Bear Keeper of the Month: Allauddin!

August 26, 2020 | By Mahima Sharma

Allauddin is one of the youngest bear caretakers at the Wildlife SOS Bannerghatta Bear Rescue Centre, in Bengaluru. Due to his cheerful and friendly nature, most of the volunteers and staff are so fond of him. He is only 23 years old and hails from West Bengal, from a family of Kalandars. As a child, he remembers growing up with sloth bears as his father was involved in the practice of ‘dancing bears’ and would go from one village to another for the sake of earning money, with his sloth bear. When Wildlife SOS reached out to Allauddin’s family and offered them sustainable alternative livelihood, his family willingly gave up the practice and chose to become caretakers of these bears.

Hardworking and joyful, Allauddin is our bear keeper of the month, being the youngest of the bear care staff at BBRC! [Photo (c) Wildlife SOS/Lenu Kannan]

How did you start working with Wildlife SOS?

At first, I was inspired by my brother, who was working at the Agra Bear Rescue Facility as a bear keeper. He would tell me all about the kind of work he was doing to take care of the bears and the feeling of joy that it sparked in him. So, I decided to follow in his footsteps and applied for a job at Wildlife SOS.

What is a typical workday for you?

My workday begins by cleaning of enclosures, ensuring that it is clean and hygienic. Right after that, I go to the bear kitchen to collect the porridge for the bears and distribute it to the enclosures. After the feeding is done and I keep the plates back to the kitchen for cleaning, I get involved in assisting volunteers’ activities which include building structural enrichment. I also play a part in assisting the veterinarians in giving treatment to sick and injured bears. Time and again, I also work in the bear kitchen to prepare meals for the bears.

Allauddin ensures that the bears have a hard time finding yummy treats in the enclosure! [Photo (c) Wildlife SOS/Lenu Kannan]

What is the best part of your job?

The best part of my job is assisting the veterinarians in the treatment of sick and injured bears. They have a voice but we do not understand it, what we do understand is their pain and it is important to relieve them of their pain. The most satisfactory part of it is to see the fast recovery of the bears.

Why do you enjoy working with sloth bears?

Being a part of the Kalandar community, I am habituated with sloth bears since childhood. After being associated with Wildlife SOS that takes care of so many bears rescued from anti-poaching operations, those that were left orphaned or rescued from the ‘dancing bear’ tradition, it has only added to my passion and knowledge of the bears and makes me more driven and dedicated to take care of them.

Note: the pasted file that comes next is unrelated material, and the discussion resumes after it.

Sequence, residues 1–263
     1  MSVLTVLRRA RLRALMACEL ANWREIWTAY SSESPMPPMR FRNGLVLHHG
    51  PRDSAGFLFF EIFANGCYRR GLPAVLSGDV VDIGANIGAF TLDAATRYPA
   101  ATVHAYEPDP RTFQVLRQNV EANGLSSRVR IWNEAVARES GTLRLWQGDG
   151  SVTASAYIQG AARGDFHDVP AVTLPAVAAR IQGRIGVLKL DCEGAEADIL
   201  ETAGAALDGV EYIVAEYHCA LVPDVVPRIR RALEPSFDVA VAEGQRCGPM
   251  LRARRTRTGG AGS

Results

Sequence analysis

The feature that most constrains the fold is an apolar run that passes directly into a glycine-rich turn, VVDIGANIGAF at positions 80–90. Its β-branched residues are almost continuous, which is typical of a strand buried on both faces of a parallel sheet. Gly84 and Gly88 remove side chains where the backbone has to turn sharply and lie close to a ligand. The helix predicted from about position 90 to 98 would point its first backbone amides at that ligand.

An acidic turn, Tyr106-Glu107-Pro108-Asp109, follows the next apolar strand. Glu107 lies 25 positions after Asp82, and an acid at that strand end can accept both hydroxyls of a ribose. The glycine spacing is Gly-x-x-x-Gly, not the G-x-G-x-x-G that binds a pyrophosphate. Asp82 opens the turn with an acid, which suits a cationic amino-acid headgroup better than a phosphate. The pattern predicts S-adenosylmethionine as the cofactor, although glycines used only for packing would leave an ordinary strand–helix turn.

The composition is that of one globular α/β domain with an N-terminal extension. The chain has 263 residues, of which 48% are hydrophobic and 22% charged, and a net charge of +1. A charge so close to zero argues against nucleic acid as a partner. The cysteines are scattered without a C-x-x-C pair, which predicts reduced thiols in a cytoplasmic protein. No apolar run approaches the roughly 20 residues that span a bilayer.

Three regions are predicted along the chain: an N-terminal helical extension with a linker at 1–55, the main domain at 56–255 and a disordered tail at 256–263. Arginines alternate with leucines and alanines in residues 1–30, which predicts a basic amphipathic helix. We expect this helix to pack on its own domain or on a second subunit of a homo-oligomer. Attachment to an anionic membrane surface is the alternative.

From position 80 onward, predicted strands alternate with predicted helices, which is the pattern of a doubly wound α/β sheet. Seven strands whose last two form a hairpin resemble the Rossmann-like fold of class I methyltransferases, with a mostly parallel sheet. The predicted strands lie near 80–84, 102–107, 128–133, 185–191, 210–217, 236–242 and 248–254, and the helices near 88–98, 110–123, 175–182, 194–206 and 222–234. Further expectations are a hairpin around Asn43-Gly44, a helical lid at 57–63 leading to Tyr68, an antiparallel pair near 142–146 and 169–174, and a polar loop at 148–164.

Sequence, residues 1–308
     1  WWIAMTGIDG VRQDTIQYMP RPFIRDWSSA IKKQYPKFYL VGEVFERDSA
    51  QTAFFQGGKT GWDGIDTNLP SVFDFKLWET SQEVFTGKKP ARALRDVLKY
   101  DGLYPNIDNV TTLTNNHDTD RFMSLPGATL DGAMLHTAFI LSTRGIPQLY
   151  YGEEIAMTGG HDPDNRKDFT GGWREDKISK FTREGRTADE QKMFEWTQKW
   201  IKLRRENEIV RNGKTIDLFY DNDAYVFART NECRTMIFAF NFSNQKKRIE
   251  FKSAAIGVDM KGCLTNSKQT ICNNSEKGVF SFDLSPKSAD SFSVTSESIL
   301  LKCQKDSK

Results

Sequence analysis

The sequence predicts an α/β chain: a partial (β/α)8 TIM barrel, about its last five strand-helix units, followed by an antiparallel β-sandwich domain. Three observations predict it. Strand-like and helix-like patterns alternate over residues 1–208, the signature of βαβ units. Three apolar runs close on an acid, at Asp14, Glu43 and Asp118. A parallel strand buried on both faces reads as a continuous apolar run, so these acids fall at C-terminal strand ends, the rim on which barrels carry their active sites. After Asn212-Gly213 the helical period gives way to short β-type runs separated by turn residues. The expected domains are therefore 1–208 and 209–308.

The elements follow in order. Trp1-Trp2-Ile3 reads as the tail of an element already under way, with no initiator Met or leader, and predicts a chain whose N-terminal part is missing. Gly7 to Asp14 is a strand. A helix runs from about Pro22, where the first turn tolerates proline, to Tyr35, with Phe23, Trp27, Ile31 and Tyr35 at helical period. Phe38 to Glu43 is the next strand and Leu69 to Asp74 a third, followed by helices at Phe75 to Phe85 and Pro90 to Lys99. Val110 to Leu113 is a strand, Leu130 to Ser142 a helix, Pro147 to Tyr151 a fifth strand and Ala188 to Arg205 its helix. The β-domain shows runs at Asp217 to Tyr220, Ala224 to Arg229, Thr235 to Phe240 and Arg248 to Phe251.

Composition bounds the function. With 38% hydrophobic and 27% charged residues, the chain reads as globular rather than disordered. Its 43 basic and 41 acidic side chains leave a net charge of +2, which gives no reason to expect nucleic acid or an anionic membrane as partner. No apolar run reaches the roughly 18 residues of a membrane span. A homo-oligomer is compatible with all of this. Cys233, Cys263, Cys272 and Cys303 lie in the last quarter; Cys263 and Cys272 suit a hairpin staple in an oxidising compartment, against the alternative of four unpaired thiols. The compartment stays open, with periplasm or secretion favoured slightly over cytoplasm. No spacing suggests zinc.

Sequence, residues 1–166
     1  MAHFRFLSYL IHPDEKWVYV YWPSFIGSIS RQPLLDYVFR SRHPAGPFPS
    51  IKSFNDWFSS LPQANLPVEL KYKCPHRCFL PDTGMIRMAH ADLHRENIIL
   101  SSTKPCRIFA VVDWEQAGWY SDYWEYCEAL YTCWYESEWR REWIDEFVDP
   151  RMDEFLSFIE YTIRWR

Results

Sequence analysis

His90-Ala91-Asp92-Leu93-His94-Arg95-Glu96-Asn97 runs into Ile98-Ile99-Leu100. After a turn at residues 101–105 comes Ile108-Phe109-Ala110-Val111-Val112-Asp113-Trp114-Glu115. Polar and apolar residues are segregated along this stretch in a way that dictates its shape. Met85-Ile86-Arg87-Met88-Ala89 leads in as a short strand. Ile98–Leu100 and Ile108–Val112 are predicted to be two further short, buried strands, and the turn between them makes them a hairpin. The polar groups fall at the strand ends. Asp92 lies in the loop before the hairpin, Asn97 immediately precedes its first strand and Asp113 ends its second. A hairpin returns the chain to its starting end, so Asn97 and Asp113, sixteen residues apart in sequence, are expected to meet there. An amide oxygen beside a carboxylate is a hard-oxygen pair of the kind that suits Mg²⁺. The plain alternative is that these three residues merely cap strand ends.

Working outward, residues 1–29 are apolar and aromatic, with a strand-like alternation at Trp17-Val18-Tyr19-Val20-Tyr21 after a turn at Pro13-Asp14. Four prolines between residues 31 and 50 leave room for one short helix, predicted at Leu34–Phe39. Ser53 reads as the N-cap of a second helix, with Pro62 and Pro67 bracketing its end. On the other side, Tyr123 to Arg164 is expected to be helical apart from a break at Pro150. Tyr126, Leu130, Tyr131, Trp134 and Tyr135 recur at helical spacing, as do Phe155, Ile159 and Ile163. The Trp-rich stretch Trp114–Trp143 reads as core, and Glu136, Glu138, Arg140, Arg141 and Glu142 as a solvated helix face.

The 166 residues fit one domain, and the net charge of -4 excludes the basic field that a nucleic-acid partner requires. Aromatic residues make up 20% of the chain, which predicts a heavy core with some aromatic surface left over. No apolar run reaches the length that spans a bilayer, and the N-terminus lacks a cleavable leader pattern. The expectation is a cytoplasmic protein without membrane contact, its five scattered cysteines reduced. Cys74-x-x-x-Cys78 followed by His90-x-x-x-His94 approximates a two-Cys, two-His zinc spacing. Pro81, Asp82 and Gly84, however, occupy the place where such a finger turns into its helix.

Allauddin lavishly spreading the elixir “honey” on wooden logs for his bears to enjoy! [Photo (c) Wildlife SOS/Lenu Kannan]

Who is your favourite bear? Why?

I love all the bears at the Centre, but I can say that I have a strong and special bond with Vimal. He always responds to my call and its funny to watch him wait impatiently as I walk over to his enclosure with treats! I look forward to starting my day by checking up on him! He is very smart and playful, and he runs to me when he spots me coming to the field!

Vimal and Allauddin, his keeper, share a special bond with each other! [Photo (c) Wildlife SOS/Lenu Kannan]

Apart from bears, have you taken care of any other animals?

Once I had accompanied our veterinarians for treatment of an elephant who had seriously injured his foot, but that is the only experience I had with another animal till date.

Allauddin makes structural enrichments for the bears and is extremely innovative in making sure the bears get sufficient exercise! [Photo (c) Wildlife SOS/Lenu Kannan]

Would you like to work with other wild animals?

Definitely! If given the opportunity, I would love to work with other animals.

How do you know whether a bear is sick or injured?

Since my childhood involved constant interaction with the bears, I gradually understood their behaviour. It becomes easy for me to know whether a bear is sick or injured through daily observation and interaction. Some tell-tale signs of a sick or injured bear include the bear appearing weak and dull, becoming less active and not eating the items that he or she would usually enjoy, or not moving from a particular spot for a long period. In such cases, we immediately alert the vets and staff.

Vimal, at the age of 14 years, enjoys his time digging corners in his free-ranging enclosure! [Photo (c) Wildlife SOS/Lenu Kannan]

Share your experience in meeting volunteers?

Interacting with volunteers is quite an interesting experience as I am always excited about meeting new people. It is also an amazing opportunity for me to learn new things from them.

What is the overall experience you gained from Wildlife SOS?

I have changed as a person and have devoted all my time in taking care of the bears. I have learned a lot more about these wonderful animals since I have joined Wildlife SOS. I also learned how to take care of a sick or injured bear by working along with the veterinarians. I am very grateful to Wildlife SOS for giving me the opportunity to grow into the person I am today.

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